Andrew drinks his beer faster than normal and announces, ‘I’m fishing that snag.’ He gets his rod out, ties on a Gurgler, and pulls line off the reel. We use the electric to get into position. The scene is perfect. Beautiful loops in the cast. Mick and I with beers in hand. Glow from the setting sun. Delightful. We’re in with a chance here!

Despite everything feeling so positive, the cast goes straight into the snag and gets stuck. We head over to retrieve the fly. We laugh, give Andrew a hard time, and open another beer. It’s been a long day. We deserve it.

As we enjoy our beer, we hear a heavy THUMP behind the boat and turn around to see a large swirl, and a lot of water moved. Interesting. Light is getting lower. Another THUMP. We quickly finish our beers and Mick suggests surface flies. Second cast, and Mick’s surface fly is crunched by a solid bream to loud cheers from all of us. Wow! What a take! We have an hour of glorious fishing. Several bream and estuary perch landed using surface flies. Something very big grabs Andrew’s fly, but he pulls too hard and breaks off. We all agree it was huge. And that he should have done better. Great boat banter. We motor back to the ramp with invigorated hope for day two.

We’re up at 7am and fill up on bacon and eggs, then pack the Esky for a full day of boating and flyfishing. Once back on the water, we head straight out for that snag, hoping to begin the day where we left it the night before. But that’s not how fishing works. Tide was different. Wind was different. We fish hard for a couple of hours, mixing things up with fly selection and retrieve. It seems devoid of fish. We reconsider our plans. It’s 11am. Too soon for beer? No.

We find a little quiet eddy and drop the anchor to contemplate our next move. Let’s fish the deep drop-off along the channel leading out towards to mouth. Lots of snags, and the water is clear. Might spot some. And we do. Heaps. But very spooky fish, and we’re not converting effectively. One mullet and one bream sighted and caught. Both on little shrimp patterns. That’s it for day two. Eight hours of fishing, two fish caught. But we’re laughing. We know we are very far from having worked out anything about this lake, with so much more to discover.

But that will have to wait for another time, because on day 3, we head to Tamboon Inlet. It’s similar in size to Bemm, but prettier, with its hilly surroundings, and tea-tree lined shores. Sections of boulders along the shoreline looked interesting. With the surroundings and the colour of the water, it feels like we’re on Bronte Lagoon in Tassie. Anticipation is up. The hard work from previous days forgotten. New beginnings.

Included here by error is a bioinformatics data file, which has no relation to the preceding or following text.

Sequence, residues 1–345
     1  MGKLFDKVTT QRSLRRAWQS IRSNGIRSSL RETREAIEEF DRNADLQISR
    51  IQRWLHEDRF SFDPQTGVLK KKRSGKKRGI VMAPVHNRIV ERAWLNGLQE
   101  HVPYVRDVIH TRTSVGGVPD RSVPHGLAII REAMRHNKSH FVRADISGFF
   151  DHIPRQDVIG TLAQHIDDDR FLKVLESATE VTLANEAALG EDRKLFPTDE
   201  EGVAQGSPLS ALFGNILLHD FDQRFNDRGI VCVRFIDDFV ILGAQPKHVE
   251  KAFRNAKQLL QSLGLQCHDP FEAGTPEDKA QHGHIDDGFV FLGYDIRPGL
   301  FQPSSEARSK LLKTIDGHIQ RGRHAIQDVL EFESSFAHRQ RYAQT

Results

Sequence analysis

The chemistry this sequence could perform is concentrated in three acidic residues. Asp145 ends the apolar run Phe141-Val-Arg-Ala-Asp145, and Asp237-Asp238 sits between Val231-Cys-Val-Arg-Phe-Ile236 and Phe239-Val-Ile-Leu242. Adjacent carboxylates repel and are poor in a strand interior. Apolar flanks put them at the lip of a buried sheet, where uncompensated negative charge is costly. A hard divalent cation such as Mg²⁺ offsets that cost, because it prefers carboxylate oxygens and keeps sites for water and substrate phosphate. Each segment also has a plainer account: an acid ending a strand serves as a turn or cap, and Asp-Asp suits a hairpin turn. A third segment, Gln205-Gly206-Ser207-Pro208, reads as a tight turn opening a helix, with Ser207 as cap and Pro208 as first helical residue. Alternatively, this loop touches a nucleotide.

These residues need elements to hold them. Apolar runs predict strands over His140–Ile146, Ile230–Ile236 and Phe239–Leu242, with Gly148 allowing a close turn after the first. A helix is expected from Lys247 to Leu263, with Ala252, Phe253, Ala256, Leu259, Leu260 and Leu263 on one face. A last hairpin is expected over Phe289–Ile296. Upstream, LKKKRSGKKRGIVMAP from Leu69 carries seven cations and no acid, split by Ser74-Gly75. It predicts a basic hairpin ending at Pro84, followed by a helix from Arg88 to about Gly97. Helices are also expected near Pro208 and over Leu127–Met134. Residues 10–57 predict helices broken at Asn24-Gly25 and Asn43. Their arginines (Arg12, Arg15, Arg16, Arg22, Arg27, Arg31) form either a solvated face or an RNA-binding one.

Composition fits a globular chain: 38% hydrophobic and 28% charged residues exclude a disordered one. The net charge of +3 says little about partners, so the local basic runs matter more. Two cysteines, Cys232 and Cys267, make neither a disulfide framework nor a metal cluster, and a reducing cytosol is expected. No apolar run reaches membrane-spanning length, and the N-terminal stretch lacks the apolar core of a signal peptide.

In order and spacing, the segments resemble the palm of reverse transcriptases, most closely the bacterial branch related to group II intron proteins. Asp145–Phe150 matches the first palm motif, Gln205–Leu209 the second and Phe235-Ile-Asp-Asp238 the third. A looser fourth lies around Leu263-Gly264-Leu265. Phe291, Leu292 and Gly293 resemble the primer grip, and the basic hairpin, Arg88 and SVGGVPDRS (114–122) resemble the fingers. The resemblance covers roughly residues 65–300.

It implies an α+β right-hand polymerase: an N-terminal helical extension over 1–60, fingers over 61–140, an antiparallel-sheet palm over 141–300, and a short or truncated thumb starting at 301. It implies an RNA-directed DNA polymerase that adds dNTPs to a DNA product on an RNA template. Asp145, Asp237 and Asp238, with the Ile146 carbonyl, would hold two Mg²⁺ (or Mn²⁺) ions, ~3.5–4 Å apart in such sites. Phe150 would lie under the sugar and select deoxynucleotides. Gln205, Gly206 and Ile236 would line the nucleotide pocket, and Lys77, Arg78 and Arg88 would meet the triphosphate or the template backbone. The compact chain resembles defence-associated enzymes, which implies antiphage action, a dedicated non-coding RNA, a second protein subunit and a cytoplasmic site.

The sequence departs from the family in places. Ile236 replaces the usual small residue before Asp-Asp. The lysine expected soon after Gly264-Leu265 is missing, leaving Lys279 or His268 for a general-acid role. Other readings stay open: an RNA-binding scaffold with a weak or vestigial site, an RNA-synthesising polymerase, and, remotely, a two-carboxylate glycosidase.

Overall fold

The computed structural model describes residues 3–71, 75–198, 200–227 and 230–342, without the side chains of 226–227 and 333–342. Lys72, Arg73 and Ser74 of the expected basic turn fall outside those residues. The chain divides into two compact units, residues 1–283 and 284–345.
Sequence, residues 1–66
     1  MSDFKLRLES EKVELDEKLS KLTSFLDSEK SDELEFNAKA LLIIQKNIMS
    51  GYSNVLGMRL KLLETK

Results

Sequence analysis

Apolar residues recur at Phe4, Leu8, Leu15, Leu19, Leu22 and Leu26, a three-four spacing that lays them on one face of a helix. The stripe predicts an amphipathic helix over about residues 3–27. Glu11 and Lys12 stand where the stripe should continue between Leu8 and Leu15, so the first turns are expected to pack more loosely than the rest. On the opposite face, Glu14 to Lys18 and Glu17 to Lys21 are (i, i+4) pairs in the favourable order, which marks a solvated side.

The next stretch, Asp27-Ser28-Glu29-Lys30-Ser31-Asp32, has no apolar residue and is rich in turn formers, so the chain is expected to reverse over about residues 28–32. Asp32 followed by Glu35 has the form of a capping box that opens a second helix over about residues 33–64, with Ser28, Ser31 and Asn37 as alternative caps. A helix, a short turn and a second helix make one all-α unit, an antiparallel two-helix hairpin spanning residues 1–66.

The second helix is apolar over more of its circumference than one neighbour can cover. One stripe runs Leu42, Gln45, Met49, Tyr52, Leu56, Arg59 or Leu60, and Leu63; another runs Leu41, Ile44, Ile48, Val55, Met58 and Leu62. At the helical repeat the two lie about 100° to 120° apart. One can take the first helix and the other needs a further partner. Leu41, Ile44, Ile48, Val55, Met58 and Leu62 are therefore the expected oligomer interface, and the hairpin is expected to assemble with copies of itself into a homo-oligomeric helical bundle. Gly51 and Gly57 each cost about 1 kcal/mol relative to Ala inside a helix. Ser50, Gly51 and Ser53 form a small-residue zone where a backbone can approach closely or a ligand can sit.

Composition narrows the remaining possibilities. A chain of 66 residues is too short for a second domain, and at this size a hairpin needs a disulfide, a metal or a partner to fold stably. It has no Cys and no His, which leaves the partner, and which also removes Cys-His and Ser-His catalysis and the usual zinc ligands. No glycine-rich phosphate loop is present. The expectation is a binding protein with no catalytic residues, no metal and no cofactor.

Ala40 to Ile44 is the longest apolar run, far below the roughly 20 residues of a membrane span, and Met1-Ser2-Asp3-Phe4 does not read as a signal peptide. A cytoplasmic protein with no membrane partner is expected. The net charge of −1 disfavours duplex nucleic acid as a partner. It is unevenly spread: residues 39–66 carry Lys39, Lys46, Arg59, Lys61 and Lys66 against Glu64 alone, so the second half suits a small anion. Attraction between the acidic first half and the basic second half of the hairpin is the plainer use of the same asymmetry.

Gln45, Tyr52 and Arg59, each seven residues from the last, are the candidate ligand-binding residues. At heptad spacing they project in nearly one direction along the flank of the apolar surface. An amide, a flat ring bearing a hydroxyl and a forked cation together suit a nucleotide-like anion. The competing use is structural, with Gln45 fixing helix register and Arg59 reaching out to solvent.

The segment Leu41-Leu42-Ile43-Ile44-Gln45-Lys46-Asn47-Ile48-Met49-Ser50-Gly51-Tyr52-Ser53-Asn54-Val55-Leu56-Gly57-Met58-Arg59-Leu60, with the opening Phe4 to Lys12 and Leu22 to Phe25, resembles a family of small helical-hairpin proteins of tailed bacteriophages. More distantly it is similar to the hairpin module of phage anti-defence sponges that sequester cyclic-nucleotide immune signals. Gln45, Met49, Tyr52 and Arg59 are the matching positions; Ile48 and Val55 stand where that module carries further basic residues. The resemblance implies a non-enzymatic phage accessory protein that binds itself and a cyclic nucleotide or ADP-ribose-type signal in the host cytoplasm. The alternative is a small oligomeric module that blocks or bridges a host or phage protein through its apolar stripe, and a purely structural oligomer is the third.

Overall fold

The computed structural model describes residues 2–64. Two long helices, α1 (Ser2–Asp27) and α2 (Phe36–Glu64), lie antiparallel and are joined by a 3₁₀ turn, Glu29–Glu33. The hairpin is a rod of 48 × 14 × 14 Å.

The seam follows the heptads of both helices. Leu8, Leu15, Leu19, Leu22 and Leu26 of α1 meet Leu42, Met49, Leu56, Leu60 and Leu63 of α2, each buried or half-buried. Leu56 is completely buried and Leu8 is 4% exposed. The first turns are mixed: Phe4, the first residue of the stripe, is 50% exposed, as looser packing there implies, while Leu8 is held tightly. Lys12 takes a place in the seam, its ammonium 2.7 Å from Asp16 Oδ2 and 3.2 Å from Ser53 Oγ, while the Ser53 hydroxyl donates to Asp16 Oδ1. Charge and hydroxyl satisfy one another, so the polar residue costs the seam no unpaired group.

We worked hard. Fishing snags, edges and weed-beds for no return. Just one massive swipe at Mick’s popper out of nowhere. Probably a tailor – it misses the fly and cuts through his tippet. The popper floats, intact, and we retrieve it, laughing at our misfortune. We’re now at the point where we’re lacking any real purpose or direction. We are beaten. Unaccomplished. Beer anyone? Yes.

Hey, let’s go check the entrance. We motor across the lake and arrive at beautiful-looking water. This will hold all sorts of stuff. Surely! We pull up to the shore, after having learned from the previous day that these settings are challenging to fish from a boat when the tide is running. We start fishing some shallow flats where Mick had detected some diamond-shaped prints in the sand, suggesting flathead country. Second cast and BAM! Mick is hooked into a huge dusky flathead. He lands it, and after some photos, decides to release it. Big flatties like this are best left to breed. We have an extremely productive session, catching 6 flathead and a nice bream within a couple of hours. All on chartreuse Clousers. Sometimes it’s just so easy. We’re thrilled. A massive fix of endorphins, laughter and banter. The last few hours of fishing on the trip. Such a sweet way to wrap things up.

We have a meal at Cann River pub that night, watching the Shane Warne memorial from the MCG. Amazed at how many people’s lives he touched. Must take someone really true to themselves to make an impression on all those people. No pretending, no trying to please, just be at one with yourself. It was a touching ceremony. The burly blokes in high viz and dirty boots at the pub agree. It goes quiet when Sir Elton John pays his tribute.

Now back in Melbourne, I can’t wait to return to the water. The trip is not what I imagined it would be. It was hard. I don’t feel accomplished. It didn’t help with my self-esteem as a fisherman. I feel humbled by how much there is to learn in flyfishing. The trip has made me more curious though. A trigger to get out of my comfort zone, try something new. Tap into other sources of joy, not just going back to that familiar stretch of water on the Goulburn where I know the big dog lives, or the old faithful dry-dropper on my favourite stream. Those trips are reassuring and safe. I go there and feel confident I will catch fish. Return with photos and bragging rights. But we need to keep challenging ourselves to keep the passion alive. Stay creative, and continue problem-solving. Become a better, more versatile flyfisher.

And then there’s the sense of belonging, community and the love we find in the friendships we build. These friendships grow the most during testing times, when fishing is hard, there are unexpected events, we’re tired, wet and hungry. The joy and fulfilment we find from the bonds that we form during our fishing adventures sit lower down in Maslow’s pyramid – the fundamentals. It’s at the core of what we do in flyfishing and such a big part of why it makes us happier. Fishing is about so much more than the fishing itself. I’m hugely grateful for the friendships I have found through flyfishing.

Thanks guys, for all those great trips.